4 April 2019
The link between James Cook University Hospital (JCUH) in Middlesbrough and Kamuzu Central Hospital (KCH) in Lilongwe, Malawi is well established, having been set up by THET almost 20 years ago. The last five years has seen this link focus more on infection prevention and control as part of the African Partnerships for Patient Safety Programme. Healthcare workers from both hospitals have been involved in the training of staff, particularly through the promotion of more effective hand hygiene.
During a recent visit to the KCH, Shirley Westwood, one of our biomedical scientists, noticed that there was a low throughput of samples for investigation in the hospital microbiology laboratory. She discovered that this was partly due to a lack of laboratory consumables with which to process samples. The lack of equipment meant a low number of samples were being submitted for investigation by clinical staff, who were rarely able to receive results.
Shirley worked together with the KCH head of microbiology, Faheema Choonara, establishing what was essential and affordable and compiling a list of laboratory consumables. The JCH team then secured these supplies as far as possible and took them to Malawi on their next visit. An enthusiastic laboratory team at KCH were given training in how to use their new equipment, and clinical staff were encouraged to learn that one of the benefits of submitting and processing samples is that it can provide information that can assist with patient management. The outcome was positive – in the following months there was a marked increase in laboratory throughput.
Microbiological investigations of samples were carried out to identify isolated pathogens and to ascertain their antibiotic sensitivity. It became apparent that in those pathogens identified, there was often significant resistance to many of the antibiotics in use at KCH. This demonstrated clearly the need for a hospital antimicrobial drugs guide and – using the JCUH guide as a basis – I worked with Tadala Hamisi, (KCH head of pharmacy at the time) on a new guide that was adopted by the KCH management team and which has since been upgraded.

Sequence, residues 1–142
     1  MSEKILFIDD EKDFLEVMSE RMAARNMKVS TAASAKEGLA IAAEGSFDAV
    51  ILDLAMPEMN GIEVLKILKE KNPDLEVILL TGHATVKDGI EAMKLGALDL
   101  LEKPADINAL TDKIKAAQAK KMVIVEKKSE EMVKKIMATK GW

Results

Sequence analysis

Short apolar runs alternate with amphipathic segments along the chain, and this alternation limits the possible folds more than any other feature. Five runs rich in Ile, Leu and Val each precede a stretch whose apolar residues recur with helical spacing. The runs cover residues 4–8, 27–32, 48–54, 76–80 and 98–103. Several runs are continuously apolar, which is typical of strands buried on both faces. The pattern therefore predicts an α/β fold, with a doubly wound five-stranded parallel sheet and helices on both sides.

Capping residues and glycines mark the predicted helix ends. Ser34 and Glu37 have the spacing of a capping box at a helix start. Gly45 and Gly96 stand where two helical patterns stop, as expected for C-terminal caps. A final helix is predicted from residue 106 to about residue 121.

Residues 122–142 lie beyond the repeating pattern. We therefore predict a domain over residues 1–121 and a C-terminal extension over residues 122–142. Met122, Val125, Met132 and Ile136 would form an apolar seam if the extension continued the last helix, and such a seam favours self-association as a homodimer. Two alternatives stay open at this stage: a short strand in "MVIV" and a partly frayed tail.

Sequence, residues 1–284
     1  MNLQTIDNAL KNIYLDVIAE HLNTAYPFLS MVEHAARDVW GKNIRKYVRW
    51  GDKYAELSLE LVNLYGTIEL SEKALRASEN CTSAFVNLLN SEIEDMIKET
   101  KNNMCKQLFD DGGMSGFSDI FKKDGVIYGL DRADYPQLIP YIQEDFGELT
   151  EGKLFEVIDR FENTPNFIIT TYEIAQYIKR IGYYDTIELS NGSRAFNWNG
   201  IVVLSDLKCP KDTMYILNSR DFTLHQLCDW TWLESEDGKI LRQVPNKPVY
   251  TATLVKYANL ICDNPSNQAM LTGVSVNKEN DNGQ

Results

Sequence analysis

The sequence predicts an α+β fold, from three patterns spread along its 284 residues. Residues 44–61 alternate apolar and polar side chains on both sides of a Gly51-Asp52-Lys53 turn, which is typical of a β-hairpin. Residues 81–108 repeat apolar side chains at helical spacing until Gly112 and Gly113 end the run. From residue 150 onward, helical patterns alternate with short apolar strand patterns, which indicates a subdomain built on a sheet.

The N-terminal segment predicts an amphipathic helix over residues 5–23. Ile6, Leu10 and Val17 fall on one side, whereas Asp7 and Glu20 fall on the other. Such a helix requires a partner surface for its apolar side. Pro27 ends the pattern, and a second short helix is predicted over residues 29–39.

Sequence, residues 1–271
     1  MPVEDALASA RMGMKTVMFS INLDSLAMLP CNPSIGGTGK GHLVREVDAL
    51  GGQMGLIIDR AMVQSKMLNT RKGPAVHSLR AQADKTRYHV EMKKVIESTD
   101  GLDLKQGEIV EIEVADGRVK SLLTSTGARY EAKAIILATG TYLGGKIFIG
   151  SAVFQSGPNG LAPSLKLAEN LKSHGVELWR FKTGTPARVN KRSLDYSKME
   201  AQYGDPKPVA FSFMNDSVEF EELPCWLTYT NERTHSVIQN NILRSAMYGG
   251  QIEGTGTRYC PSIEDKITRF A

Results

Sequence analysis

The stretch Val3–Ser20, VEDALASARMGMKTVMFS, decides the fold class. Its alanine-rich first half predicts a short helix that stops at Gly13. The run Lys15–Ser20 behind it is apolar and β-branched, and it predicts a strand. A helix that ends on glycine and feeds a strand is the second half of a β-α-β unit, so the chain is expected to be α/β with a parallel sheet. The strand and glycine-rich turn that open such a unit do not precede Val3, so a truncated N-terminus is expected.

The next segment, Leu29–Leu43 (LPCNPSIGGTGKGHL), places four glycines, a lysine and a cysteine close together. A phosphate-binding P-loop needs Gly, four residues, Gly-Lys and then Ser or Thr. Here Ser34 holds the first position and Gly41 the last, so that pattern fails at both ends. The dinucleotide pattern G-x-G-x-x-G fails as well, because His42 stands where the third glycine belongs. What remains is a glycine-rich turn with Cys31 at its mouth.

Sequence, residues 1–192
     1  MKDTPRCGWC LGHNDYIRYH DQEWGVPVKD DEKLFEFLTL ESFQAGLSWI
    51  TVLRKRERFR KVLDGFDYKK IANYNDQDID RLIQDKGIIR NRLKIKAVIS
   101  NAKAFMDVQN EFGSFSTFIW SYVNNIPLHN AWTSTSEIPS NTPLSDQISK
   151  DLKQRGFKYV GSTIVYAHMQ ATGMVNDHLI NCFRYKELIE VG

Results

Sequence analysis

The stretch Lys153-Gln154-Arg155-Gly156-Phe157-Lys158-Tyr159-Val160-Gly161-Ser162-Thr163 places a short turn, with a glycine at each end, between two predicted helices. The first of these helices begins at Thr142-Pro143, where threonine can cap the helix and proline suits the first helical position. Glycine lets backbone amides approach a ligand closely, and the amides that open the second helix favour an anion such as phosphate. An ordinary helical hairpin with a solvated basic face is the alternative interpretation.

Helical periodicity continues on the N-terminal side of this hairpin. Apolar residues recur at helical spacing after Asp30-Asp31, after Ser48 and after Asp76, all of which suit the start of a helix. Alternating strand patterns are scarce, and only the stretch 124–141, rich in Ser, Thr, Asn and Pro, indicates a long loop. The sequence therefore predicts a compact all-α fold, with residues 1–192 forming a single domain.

It soon became clear that there was a need to determine the extent of antibiotic resistance in the different wards and departments at KCH, as well as in the community hospitals in the Lilongwe area for which KCH is a tertiary referral centre. During our visit, the JCUH team was fortunate to be joined by both a medical microbiologist and an infectious disease specialist, who also happened to be control of infection doctor at a neighbouring hospital, which made for an amply qualified group!
Samples were obtained from as many wards and departments at KCH as possible and tested and the results provided management and clinical staff with up to date information on antibiotic resistance. Fortunately, our visit followed on from WHO World Antibiotic Awareness Week, so new suggestions were well received. I was part of a meeting that took place with Malawi Ministry of Health lead on antibiotic stewardship, Dr Watipaso Kasambara, and teams from both hospitals to ensure that the advice offered by the JCUH team to KCH clinicians was consistent with that of the Ministry.
The JCUH team – comprising consultant microbiologist Dr Jessica Martin, infectious disease specialist Dr Emma O’Cofaigh and biomedical scientist Shirley Westwood – delivered antibiotic stewardship training to doctors, nurses and other healthcare workers at KCH. The training was comprehensive, covering instruction in how to take samples, how to recognise and manage sepsis, outbreak management and risk assessment. Particular importance was given to infection prevention and control, which is vital to reducing the unnecessary use of antibiotics.
A pattern of antibiotic resistance similar to that demonstrated in the KCH samples was also found in samples from a community hospital in the neighbouring rural district of Dowa. Dowa currently has limited facilities for microbiological investigation, which is the case with many other community hospitals. For the majority of the population in rural areas of Malawi who need hospital care, such healthcare facilities are the only option. At the moment, discussions are under way to explore the possibility of transporting samples from Dowa hospital to the laboratory at KCH. If successful, this model could become a blueprint for other community hospitals.